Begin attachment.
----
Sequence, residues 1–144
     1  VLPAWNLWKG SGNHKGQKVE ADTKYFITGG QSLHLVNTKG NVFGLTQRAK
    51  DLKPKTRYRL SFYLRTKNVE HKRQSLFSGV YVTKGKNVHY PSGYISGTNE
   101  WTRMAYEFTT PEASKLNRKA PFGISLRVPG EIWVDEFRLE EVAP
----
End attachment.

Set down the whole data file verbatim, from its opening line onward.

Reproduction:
Sequence, residues 1–144
     1  VLPAWNLWKG SGNHKGQKVE ADTKYFITGG QSLHLVNTKG NVFGLTQRAK
    51  DLKPKTRYRL SFYLRTKNVE HKRQSLFSGV YVTKGKNVHY PSGYISGTNE
   101  WTRMAYEFTT PEASKLNRKA PFGISLRVPG EIWVDEFRLE EVAP